COVID-19 Immunization Plan

B.C.’s COVID-19 Immunization Plan is updated regularly to keep you protected.

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Last updated: November 15, 2022

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Why you need to get vaccinated

To get the most effective protection against serious cases of COVID-19 you need your initial vaccination series doses and ongoing booster doses. Keep up-to-date to stay fully protected.

Initial vaccination series

For most people, their initial vaccination series is 2 doses. These are offered approximately 56 days apart. 

If you are immunocompromised, you may need a third or fourth dose to complete your initial series. You will get an invitation for your third dose approximately 4 weeks after your second dose.

At least 2 doses are required to get your federal proof of vaccination for travel.

Booster doses

Immunity fades over time. Getting a booster dose is part of your routine health care.

  • If you've only had your initial vaccination series, you need a booster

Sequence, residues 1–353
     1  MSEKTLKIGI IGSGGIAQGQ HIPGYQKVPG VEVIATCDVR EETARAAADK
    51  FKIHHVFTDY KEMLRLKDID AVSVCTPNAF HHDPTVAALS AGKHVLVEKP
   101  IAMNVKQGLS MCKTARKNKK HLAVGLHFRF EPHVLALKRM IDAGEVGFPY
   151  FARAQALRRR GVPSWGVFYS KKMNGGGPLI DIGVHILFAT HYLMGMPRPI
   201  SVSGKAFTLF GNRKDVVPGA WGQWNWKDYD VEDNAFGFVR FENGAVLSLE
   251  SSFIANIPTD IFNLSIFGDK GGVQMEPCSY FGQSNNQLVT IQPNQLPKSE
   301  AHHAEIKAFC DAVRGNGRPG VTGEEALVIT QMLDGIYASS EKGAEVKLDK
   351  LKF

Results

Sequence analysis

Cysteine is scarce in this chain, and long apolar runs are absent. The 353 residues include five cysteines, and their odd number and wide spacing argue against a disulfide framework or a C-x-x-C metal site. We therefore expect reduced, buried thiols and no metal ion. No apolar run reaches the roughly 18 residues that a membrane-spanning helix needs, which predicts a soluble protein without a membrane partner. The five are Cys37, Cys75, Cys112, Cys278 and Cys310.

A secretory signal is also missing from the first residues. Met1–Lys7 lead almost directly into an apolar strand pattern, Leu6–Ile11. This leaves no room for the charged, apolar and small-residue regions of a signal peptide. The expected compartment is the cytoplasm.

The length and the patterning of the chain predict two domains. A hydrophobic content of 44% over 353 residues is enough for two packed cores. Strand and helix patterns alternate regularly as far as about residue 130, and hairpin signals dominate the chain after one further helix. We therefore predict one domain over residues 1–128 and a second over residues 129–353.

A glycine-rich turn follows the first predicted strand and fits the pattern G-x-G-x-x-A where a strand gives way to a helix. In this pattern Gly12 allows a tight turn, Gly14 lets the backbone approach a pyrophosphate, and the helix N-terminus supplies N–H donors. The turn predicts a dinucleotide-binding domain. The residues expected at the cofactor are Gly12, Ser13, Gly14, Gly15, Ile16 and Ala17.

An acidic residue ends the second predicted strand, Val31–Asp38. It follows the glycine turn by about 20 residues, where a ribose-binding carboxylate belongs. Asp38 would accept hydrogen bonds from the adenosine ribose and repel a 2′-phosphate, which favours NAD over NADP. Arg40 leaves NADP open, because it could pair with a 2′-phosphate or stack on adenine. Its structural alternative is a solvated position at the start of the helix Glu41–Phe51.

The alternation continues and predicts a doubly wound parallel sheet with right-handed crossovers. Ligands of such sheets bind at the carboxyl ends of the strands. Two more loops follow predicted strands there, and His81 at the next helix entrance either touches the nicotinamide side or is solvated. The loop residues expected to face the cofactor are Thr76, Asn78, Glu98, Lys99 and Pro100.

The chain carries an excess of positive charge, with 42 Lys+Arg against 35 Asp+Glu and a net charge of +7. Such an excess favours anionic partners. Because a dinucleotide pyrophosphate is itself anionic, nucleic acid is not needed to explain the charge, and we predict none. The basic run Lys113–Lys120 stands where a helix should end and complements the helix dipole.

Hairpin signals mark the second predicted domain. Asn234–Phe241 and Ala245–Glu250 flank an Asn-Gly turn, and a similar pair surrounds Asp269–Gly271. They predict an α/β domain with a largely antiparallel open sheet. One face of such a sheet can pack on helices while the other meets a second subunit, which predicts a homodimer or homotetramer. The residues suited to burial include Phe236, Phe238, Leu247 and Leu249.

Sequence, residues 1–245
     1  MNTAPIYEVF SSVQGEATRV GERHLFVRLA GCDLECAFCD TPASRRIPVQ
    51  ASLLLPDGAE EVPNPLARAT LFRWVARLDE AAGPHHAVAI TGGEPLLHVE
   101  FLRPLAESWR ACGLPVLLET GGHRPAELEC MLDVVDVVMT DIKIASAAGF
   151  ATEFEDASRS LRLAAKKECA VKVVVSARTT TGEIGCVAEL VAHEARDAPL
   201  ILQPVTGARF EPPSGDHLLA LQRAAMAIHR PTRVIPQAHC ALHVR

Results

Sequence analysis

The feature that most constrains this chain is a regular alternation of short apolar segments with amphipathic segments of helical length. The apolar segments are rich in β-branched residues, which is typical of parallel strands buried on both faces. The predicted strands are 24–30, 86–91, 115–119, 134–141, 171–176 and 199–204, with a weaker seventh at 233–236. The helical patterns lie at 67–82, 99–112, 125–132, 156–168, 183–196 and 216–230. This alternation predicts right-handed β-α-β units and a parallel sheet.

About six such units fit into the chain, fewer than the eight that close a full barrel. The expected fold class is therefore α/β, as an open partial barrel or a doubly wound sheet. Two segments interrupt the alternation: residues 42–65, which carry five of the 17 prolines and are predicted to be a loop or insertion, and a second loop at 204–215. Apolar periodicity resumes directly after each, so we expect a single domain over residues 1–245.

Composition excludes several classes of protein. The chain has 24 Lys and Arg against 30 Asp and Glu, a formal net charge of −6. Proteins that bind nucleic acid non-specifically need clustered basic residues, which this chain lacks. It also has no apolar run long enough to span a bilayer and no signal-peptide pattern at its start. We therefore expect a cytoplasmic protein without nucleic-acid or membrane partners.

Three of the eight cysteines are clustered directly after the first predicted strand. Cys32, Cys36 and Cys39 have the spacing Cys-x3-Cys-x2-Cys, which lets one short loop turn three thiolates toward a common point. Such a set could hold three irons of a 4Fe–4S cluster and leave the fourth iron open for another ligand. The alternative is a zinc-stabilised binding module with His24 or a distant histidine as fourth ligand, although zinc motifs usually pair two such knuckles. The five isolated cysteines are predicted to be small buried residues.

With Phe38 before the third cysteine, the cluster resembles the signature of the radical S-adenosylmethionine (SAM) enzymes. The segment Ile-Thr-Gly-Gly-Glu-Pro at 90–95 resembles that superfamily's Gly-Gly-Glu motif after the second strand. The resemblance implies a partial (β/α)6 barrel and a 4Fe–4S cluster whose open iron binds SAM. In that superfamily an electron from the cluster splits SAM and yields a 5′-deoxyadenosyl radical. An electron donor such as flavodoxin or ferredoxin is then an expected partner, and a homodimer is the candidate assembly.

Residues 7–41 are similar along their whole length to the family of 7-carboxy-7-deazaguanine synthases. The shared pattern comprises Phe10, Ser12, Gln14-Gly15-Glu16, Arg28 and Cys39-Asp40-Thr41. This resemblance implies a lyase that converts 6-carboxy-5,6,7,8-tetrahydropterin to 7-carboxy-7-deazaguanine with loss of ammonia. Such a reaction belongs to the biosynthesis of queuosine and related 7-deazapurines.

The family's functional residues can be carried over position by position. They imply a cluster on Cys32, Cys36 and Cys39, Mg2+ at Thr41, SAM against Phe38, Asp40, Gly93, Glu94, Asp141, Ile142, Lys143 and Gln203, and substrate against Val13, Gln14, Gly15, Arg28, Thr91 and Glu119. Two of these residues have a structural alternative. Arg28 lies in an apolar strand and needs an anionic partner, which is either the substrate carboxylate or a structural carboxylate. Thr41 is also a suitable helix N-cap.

• If you haven't had a dose within the last 6 months, you need a booster
  • If you've had COVID-19, you still need a booster

I need a booster dose

Vaccine safety

Health Canada has a thorough approval process to make sure all the vaccines and medicines we take are safe.

  • Vaccines are tested extensively before being approved for use
  • Health Canada continues to monitor for vaccine safety
  • No major safety concerns have been identified in the data Health Canada reviewed

Review Health Canada guidance on COVID-19 vaccine safety and side effects. To date, 6 vaccines have been approved for use by Health Canada.

Register with the Get Vaccinated system

To book your vaccine appointments, you need to be registered with the provincial Get Vaccinated system.

Register with the Get Vaccinated system. You only need to register once. 

I have special health requirements


Children and youth

Youth 12 to 17

Youth 12 years and older get the same vaccine dosage as adults. Under the Infants Act, youth can give consent as a mature minor to receive health care, like getting a vaccine.